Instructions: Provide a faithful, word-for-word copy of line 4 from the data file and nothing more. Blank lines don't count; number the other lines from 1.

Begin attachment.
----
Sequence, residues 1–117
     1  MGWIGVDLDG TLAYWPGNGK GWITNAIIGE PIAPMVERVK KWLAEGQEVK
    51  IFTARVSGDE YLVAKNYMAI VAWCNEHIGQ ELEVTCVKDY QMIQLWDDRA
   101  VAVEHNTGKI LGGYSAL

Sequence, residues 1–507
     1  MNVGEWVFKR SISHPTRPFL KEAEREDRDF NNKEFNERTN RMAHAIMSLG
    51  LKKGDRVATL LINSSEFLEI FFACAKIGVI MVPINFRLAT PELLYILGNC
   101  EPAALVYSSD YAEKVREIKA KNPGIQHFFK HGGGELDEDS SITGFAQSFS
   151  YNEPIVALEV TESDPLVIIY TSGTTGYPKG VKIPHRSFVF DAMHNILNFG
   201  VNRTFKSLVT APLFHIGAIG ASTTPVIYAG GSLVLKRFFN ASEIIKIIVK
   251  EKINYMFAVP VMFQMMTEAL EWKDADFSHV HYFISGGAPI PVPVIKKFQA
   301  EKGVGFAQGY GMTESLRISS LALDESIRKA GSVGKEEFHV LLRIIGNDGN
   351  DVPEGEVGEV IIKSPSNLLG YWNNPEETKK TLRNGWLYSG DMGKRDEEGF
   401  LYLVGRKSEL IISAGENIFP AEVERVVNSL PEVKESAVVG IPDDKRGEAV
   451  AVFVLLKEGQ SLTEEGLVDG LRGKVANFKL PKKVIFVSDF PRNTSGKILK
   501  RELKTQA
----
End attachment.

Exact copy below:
   101  VAVEHNTGKI LGGYSAL